all your hummus are belong to us

backstory:

I don’t really have anything to tell about this recipe, aside from googling ‘hummus recipes’ one fateful day and deciding to try my hand at making some. turns out, the starting elements are pretty simple: one can of garbanzo beans, three tablespoons of sesame tahini, some lemon, olive oil, salt and pepper — and what you can make with just that is a billion times better than what you get pre-made at the grocery store.

with that baseline, I’ve listed my adaptation below. it should be noted that a food processor is 100% necessary for this one, which I thankfully have access to these days due to a kitchen-savvy roommate.

ingredients:

– a few cloves of garlic (3)
– a few scallions (2-3)
– lemon (1)
– tahini (6 table spoons)
– sea salt and fresh pepper (to taste)
– garbanzo beans (drained, 2 cans)
– olive oil (to taste / desired consistency)
– pesto (1 tablespoon)

details:

start off by crushing and peeling the garlic cloves and tossing them in the food processor with the bottom section of two scallions, root bits and dark green parts removed, and the juice from one fresh-squeezed lemon. while that whirrs, open up your can of sesame tahini and give it a stir or twelve, as they tend to separate a bit when spending some time on the shelf. stop the processor and add six tablespoons — I literally mean six table spoon- or soup-type spoon-fulls, just slop in six of them or close to it — and a few heavy grinder cranks of sea salt and fresh pepper, and let that blend for a bit.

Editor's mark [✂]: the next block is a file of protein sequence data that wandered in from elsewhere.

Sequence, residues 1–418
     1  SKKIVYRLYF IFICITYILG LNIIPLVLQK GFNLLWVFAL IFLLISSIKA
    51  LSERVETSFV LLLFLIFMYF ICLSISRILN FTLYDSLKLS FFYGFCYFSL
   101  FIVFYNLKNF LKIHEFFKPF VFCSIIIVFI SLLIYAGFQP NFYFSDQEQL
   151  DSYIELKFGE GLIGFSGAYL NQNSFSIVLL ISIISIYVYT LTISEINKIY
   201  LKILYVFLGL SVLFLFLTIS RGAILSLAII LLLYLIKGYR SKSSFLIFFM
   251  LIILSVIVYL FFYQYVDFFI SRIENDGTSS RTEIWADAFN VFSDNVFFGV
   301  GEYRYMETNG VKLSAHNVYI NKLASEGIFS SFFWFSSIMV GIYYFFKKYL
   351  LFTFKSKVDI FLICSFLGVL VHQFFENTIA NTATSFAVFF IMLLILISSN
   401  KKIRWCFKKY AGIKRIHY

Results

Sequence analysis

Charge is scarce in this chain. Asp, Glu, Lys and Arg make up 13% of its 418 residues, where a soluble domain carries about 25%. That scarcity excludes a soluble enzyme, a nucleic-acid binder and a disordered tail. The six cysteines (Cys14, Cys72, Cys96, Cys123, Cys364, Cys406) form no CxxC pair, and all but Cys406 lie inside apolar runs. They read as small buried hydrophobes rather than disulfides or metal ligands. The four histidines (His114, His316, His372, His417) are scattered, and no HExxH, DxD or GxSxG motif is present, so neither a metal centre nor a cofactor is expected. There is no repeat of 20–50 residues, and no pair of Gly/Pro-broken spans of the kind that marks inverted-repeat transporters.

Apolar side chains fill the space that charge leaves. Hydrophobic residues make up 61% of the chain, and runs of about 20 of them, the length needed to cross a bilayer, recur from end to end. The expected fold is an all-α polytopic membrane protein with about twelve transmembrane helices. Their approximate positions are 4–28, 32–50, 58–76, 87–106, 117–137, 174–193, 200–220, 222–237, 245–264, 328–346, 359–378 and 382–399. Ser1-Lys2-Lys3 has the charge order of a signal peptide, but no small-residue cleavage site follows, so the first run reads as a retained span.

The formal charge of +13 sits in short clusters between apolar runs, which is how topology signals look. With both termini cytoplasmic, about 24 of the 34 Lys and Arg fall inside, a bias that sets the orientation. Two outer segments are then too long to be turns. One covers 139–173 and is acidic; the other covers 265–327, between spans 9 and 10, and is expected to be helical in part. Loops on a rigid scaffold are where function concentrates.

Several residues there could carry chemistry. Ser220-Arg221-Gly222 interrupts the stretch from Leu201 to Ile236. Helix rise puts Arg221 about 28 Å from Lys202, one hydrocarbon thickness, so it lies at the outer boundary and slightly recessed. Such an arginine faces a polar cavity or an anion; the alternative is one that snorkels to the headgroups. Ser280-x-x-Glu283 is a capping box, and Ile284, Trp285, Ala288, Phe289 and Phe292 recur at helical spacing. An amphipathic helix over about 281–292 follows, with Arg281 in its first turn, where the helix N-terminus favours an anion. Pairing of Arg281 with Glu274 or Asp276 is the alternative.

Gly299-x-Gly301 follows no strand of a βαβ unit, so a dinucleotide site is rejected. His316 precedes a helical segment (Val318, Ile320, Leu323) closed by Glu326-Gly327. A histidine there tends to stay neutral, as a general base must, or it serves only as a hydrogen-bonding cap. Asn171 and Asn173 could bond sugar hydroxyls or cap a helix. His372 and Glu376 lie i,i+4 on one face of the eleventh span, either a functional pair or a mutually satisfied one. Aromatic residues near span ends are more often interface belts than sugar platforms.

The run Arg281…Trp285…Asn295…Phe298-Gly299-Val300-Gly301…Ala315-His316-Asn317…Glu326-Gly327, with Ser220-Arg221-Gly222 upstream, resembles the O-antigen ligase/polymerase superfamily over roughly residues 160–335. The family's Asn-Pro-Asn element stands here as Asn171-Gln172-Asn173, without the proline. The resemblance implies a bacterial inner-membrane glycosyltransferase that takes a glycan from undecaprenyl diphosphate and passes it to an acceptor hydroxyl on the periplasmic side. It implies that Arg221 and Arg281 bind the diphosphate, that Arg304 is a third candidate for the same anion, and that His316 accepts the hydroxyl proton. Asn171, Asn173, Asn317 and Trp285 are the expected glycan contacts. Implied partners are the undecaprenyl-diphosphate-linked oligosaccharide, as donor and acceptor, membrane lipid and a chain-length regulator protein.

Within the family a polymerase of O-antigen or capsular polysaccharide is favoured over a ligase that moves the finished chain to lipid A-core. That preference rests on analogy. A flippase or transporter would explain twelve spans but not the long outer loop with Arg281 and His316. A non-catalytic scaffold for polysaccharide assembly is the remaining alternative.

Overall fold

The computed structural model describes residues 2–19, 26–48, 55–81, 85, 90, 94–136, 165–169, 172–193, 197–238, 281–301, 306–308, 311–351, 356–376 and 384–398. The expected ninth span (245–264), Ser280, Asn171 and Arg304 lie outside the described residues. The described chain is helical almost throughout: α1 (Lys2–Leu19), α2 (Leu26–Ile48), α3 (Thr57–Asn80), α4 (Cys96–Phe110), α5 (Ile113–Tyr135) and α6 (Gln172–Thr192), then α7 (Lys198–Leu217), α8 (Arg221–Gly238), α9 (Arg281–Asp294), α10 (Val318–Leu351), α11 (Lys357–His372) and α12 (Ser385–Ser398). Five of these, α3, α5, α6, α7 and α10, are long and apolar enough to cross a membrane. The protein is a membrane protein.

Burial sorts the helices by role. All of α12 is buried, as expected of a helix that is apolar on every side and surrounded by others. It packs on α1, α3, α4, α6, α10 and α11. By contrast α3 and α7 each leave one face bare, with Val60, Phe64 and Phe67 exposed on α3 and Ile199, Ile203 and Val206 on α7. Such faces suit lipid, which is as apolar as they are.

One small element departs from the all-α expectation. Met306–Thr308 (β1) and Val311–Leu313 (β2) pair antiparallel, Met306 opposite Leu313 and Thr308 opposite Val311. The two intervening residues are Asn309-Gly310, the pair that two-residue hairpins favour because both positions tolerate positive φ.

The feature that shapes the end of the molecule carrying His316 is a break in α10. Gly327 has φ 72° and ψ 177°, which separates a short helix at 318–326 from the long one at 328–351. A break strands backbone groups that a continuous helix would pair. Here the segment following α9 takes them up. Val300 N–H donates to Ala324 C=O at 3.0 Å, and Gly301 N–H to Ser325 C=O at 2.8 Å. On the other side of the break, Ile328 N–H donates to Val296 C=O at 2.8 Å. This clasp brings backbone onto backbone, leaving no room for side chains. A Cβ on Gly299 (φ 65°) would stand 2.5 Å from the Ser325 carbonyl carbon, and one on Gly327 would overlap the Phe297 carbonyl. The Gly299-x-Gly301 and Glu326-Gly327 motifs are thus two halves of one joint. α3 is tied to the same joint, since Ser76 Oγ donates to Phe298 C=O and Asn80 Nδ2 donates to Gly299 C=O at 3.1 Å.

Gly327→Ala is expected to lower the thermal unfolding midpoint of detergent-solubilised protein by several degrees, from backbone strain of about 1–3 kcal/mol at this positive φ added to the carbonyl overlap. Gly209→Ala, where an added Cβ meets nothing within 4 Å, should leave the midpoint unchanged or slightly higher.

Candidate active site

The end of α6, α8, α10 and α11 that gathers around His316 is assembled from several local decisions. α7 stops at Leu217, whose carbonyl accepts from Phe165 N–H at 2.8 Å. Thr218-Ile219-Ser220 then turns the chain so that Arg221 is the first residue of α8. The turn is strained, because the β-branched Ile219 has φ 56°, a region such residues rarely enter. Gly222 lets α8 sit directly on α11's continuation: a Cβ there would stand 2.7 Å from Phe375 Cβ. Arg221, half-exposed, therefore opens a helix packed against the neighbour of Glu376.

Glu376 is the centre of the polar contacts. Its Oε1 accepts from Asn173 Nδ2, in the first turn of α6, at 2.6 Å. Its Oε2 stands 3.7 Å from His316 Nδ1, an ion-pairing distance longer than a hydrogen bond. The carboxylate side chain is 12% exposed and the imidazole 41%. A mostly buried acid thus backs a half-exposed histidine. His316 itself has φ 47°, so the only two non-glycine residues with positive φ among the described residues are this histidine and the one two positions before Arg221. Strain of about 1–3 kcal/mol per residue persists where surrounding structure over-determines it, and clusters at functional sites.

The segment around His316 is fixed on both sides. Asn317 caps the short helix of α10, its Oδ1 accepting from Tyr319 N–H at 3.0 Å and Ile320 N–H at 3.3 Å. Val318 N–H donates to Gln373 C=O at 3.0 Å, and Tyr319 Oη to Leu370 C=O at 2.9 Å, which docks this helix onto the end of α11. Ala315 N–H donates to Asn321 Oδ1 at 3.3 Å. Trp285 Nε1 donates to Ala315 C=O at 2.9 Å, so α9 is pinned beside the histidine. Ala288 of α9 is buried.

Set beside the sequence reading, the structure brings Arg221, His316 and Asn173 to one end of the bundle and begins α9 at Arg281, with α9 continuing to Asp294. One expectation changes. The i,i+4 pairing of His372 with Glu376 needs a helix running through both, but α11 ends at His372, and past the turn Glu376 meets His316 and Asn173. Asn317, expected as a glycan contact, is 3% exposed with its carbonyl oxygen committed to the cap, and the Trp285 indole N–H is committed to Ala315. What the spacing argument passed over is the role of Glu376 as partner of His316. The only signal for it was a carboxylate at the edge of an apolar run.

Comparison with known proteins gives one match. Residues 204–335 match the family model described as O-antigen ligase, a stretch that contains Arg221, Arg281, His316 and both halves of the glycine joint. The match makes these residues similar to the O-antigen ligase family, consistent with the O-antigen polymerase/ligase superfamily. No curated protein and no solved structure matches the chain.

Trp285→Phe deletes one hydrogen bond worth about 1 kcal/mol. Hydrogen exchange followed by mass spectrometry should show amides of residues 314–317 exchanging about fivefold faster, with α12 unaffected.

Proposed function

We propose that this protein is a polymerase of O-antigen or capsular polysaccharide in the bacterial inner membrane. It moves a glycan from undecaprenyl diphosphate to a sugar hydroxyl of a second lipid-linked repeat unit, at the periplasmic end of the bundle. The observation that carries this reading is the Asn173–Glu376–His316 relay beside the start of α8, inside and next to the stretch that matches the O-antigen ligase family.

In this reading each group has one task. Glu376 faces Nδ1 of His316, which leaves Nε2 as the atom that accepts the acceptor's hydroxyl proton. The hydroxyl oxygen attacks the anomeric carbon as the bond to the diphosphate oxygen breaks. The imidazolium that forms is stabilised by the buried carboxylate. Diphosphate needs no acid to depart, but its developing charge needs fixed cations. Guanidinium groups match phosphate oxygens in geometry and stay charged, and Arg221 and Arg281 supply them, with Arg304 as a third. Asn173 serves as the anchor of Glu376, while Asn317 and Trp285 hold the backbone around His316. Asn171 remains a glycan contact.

open and drain two cans of garbanzo beans, and add to the base with a decent pour of olive oil — if I had to measure, I’d say to start with a quarter cup? — and a dollop of whatever pesto you have on hand.

let that blend while you clean up, maybe two minutes or so, and try it. if it’s still chunky, let the processor run longer. if it’s dry, add some olive oil. flavor-wise, you might prefer a little more pesto, a little more salt, or a little more pepper — just be sure to start slow and re-blend well after each addition.

and… you’re done! this delicious hummus is now ready to serve. I’ll typically make a batch and keep it in the fridge for (up to) a week — it will stay good for that long, but you’ll probably wind up eating it before a week passes.

serve with pita chips, cucumber wedges, or our personal favorite, everything-flavor trader joe’s pretzel thins.

variations:

don’t be afraid to try different spices, peppers / chilis, more or less garlic, more or less pesto, sun-dried tomato bits and sun-dried tomato oil in place of / in addition to the pesto, chopped or sliced olives folded in by hand post-processing stage… the variations are pretty endless!